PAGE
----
Hello, Thank you for that break down and this site in general. My wife and I have been looking at a 135m2 flat (attic, 5th floor, 1913 construction renovated in 2017). The rent is about 1300€ cold and about 250€ for Nebenkosten but says Heizkosten are not included. Also says for Heizungsart is it floor heating (Etagenheizung) and main energy source is gas.

    My question is how can I estimate my heating costs that will be in addition? I have not been lucky on finding sites to estimate this kind of thing.

    • Reply Bastien - Settle in Berlin 25/11/2019 at 12:43

      Hey Brandon. This means that you probably need to take up a contract with a gas provider. Entering your info with them with provide you with an estimate.

  • Reply Dan 06/05/2019 at 14:52

    Hi, I am having issues with paying for utilities. I Have been in this flat a year. I am the untermietvertrag. When we moved in the hauptmieter and I agreed on €150 Nebenkosten in the contract per month. Now the Jahresabrechnung have come in and she won’t show me the bills but says now my rent will be lower. There are 3 of us living in the house and I see she has charged me half of the total which I think is unfair but I can’t get a breakdown from her to see how much I overpaid. Is it normal to get a refund for bills I have overpaid? I always have done in the past and assumed this is how it would work but she is saying as I signed the contract she doesn’t have to give me anything. The contract does not say anything about this.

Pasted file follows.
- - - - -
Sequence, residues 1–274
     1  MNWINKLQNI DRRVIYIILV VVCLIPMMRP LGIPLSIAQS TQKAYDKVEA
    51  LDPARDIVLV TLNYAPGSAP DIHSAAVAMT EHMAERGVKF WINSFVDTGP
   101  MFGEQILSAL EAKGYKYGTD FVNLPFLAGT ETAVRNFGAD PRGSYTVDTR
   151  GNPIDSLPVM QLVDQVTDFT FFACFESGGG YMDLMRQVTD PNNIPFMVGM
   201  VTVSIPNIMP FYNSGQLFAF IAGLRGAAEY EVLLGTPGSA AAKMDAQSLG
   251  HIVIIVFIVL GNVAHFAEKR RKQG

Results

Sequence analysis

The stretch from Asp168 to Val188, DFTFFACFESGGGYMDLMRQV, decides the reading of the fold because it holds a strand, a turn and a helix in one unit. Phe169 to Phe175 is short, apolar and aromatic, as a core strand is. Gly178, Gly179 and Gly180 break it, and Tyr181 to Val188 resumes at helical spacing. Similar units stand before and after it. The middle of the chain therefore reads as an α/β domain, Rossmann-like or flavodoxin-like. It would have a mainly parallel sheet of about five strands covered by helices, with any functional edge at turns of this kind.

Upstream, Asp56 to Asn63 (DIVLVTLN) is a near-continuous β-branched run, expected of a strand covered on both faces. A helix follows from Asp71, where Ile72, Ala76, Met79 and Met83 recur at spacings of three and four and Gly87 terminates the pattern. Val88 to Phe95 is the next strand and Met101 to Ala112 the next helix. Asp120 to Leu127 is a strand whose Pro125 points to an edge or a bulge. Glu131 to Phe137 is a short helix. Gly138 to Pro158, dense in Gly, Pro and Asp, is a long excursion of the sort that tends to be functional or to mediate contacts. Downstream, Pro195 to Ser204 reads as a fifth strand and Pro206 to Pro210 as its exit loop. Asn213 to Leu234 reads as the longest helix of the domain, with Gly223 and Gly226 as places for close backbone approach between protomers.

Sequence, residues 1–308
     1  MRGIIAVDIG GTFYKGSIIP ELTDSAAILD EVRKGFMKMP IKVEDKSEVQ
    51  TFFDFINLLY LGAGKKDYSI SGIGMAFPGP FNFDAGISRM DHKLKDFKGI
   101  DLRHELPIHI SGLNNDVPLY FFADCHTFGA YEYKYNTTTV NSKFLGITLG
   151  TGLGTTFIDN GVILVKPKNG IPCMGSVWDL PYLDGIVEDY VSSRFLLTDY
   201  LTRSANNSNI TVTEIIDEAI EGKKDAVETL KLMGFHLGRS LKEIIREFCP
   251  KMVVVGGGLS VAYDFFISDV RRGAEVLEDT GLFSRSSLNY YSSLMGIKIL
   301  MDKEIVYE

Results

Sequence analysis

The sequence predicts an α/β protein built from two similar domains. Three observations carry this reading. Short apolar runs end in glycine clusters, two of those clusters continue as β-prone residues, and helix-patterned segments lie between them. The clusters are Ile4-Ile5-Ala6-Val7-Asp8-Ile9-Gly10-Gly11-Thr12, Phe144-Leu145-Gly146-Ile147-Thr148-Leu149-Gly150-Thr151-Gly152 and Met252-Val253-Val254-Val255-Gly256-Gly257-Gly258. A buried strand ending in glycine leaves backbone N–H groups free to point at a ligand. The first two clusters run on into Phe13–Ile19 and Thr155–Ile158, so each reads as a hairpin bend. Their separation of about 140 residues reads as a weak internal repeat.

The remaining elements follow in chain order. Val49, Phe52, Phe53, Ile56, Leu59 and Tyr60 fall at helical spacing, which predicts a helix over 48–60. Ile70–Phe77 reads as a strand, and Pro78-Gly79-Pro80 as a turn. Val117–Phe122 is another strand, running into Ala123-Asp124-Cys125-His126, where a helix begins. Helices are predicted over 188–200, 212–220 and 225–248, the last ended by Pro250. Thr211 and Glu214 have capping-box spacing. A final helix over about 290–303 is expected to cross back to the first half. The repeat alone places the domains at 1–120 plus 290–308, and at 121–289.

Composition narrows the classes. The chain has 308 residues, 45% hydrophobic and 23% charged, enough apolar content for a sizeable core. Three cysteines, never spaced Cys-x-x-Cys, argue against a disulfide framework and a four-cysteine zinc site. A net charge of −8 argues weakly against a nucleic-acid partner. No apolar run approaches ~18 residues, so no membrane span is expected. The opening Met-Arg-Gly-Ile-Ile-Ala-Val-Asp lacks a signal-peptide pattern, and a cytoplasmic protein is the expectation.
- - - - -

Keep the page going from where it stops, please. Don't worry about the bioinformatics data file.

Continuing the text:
• Reply Bastien - Settle in Berlin 07/05/2019 at 10:17

      Hey Dan. Yes, it’s possible to get a refund if you paid too much Nebenkosten as a Hauptmieter. She doesn’t have to provide you with a overview though. Source.

  • Reply Anon 05/04/2019 at 13:29